By Aimee Lutkin

The National Oceanic and Atmospheric Administration was collecting geological specimens off the coast of Hawaii when they discovered a brand new species in the adorable octopod family that you will still never get to hug.

The creature is particularly notable for it’s translucent, glowing whiteness. Its skin appears to have no pigment, and when you watch the video below you can see it calmly drifting along the sea bed like a tea light, occasionally wrinkling up as it thinks about flitting away. I’m anthropomorphizing it, but can you blame me? It’s so gosh darn cute:

jellyfish

NBC Newsreports that this is a “new species is an incirrate octopod, meaning it lacks fins and cirri — finger-like parts associated with suckers on its arms.” Less suckers is good, just in case you ever need to fight one. You might, who knows, though it is at a depth of 14,000 ft, much deeper than this type of cephalopod has ever been found before.

Scientists aren’t sure how big it is either, because it was discovered on camera by Okeanos, a converted United States Navy ship that’s used as an exploratory vessel in different parts of the world. You can actually watch their camera feed live, though it’s mostly water and only rarely awesome stuff like this:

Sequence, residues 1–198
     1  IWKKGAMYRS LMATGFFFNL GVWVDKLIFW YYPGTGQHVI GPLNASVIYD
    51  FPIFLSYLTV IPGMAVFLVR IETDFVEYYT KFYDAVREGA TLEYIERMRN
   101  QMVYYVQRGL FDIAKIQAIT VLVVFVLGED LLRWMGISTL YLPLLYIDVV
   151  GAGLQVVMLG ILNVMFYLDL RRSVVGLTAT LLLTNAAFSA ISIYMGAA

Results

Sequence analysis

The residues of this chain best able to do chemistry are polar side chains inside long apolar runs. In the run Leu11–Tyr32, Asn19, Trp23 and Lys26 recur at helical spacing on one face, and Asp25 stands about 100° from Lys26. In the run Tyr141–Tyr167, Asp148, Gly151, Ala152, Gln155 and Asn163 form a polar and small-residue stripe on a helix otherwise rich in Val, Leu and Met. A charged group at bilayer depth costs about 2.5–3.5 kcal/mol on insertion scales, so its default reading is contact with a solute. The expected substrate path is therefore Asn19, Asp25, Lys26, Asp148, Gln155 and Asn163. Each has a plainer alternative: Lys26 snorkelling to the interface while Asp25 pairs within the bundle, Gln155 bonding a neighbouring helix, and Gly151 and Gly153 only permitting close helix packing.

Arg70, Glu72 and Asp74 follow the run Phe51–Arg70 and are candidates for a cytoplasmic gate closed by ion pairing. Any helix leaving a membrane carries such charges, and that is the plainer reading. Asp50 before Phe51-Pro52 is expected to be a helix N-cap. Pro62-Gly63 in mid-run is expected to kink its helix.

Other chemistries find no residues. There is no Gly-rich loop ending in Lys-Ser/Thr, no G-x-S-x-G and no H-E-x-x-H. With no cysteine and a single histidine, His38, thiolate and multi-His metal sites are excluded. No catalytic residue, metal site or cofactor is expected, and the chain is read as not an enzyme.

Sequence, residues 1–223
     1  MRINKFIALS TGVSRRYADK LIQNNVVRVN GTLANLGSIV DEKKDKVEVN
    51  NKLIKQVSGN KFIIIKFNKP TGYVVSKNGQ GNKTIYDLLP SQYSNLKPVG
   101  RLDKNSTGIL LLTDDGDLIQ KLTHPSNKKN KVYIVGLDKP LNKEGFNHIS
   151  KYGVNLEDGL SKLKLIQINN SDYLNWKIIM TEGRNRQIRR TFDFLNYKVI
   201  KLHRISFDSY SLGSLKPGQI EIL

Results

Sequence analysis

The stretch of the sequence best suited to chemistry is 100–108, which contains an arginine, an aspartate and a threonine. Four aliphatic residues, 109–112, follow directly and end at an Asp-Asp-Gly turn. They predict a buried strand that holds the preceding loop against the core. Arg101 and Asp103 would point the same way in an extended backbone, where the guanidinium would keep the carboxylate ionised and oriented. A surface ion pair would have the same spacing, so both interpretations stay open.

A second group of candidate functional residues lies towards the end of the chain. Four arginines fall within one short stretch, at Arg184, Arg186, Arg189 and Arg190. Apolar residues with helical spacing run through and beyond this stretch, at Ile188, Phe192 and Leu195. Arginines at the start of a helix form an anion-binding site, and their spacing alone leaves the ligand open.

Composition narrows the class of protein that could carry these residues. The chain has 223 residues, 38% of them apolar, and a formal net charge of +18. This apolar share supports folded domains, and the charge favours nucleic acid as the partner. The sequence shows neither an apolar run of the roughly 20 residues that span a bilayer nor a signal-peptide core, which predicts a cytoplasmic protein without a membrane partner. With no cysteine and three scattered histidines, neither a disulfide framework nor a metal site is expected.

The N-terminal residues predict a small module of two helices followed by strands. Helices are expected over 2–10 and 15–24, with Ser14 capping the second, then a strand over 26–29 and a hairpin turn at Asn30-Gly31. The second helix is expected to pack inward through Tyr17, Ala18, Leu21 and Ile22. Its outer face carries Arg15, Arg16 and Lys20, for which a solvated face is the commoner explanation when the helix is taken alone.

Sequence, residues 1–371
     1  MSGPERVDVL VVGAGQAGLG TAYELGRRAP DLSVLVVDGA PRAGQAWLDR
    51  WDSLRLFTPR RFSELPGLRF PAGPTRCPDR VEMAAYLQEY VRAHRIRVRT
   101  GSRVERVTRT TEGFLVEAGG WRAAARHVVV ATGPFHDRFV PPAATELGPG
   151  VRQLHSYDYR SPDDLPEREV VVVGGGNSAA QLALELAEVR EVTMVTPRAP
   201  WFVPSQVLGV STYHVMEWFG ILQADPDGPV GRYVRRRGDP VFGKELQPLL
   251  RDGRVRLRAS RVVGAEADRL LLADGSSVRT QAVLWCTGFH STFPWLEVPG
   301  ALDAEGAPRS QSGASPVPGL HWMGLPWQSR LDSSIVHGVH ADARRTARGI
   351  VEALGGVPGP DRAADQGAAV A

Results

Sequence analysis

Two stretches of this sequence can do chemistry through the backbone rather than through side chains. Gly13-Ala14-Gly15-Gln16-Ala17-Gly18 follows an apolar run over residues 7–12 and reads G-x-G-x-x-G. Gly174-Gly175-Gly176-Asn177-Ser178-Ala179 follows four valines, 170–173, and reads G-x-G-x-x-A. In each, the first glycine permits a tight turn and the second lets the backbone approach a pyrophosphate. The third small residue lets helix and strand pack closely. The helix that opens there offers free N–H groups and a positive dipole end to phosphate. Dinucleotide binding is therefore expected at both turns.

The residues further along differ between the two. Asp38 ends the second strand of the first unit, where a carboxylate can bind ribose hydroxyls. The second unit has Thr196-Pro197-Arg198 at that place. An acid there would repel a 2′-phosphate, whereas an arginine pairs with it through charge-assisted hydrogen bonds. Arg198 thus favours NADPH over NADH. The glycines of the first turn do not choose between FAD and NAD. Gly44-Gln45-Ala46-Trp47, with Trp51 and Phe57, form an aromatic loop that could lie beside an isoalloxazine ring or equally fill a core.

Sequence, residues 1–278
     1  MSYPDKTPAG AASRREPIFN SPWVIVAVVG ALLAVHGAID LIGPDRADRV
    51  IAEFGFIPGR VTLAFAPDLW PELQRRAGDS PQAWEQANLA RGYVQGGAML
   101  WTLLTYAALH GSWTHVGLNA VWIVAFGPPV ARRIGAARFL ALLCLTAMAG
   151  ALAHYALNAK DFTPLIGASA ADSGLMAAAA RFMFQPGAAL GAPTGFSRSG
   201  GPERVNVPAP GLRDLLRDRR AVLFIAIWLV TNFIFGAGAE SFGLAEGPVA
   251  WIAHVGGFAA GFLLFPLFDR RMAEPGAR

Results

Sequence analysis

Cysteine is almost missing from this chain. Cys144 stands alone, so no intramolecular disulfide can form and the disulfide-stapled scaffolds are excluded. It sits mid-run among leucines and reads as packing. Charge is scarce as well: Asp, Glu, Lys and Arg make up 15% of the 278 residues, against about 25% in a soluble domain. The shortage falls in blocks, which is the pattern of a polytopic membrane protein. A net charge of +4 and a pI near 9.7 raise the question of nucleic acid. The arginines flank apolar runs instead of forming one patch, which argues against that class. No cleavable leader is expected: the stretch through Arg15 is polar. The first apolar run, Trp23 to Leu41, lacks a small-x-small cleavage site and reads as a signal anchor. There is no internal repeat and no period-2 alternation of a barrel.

https://www.youtube.com/watch?v=GdtTDnNamNM
http://the-conscious-mind.com/wp-content/uploads/2016/04/jellyfish.jpghttp://the-conscious-mind.com/wp-content/uploads/2016/04/jellyfish-150x150.jpgAdminLifeghost like octopus
By Aimee Lutkin The National Oceanic and Atmospheric Administration was collecting geological specimens off the coast of Hawaii when they discovered a brand new species in the adorable octopod family that you will still never get to hug. The creature is particularly notable for it’s translucent, glowing whiteness. Its skin appears...